On July 12, 1971, another contract was entered into between the plaintiff and the defendant which provided that the plaintiff would install and maintain advertising material in and on buses and subway cars for the defendant in May, June, July and August of each of the years, 1972, 1973 and 1974. For this advertising the defendant agreed to pay to the plaintiff the sum of $22,500.00 per year. The contract provided that the subject of advertising was to be “Tanya Hawaiian Tanning Oil”. The contract also provided that a fifteen per cent agency commission would be allowed to the defendant. A further provision of the contract was that it could be cancelled after the first year or after the second year.
On June 1, 1972, William B. Tanner notified the president of the plaintiff corporation that he had no alternative but to cancel the contract as Mr. Gutcheon of the Tanya Corporation was not going to honor the contract. Mr. Tanner testified at the trial that his company was acting as an agent for the Tanya Company in executing this contract, but he could not recall if the contract for this advertising had been placed with his company through Tanya or through Tanya’s advertising agency, Honig-Cooper Herrington. The defendant offered no proof of written or oral authorization for it to execute the contract of July 12, 1971, on behalf of Tanya.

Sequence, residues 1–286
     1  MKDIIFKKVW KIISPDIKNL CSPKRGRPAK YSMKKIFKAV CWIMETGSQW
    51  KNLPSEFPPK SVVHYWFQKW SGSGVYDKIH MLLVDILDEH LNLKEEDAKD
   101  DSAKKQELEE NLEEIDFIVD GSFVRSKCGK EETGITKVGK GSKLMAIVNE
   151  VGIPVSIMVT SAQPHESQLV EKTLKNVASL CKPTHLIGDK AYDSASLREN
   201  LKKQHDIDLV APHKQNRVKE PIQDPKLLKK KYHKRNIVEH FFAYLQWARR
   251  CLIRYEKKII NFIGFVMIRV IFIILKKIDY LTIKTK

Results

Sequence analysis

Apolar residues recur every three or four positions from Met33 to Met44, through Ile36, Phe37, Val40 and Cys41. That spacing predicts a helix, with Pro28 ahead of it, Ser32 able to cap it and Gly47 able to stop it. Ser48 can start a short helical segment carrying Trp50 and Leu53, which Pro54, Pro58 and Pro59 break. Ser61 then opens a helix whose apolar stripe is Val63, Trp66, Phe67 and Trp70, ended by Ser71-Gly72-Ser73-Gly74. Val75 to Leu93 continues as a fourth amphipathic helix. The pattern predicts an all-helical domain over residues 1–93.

A letter dated May 23, 1972, from Honig-Cooper Herrington was introduced as an exhibit at the trial. In this letter Mr. Howard of the advertising company wrote to Mr. Tanner: “No authorization either written or verbal was given to your company or to Bobby Weiss for advertising beyond that stipulated in our letter of agreement dated October 9, 1968. The last date for advertising space was August 31, 1971”.
The cases in Tennessee have held that agency must be proved by the party asserting it, and agency may not be proved by the statements of the agent. Robertson v. Lions, 553 S.W.2d 754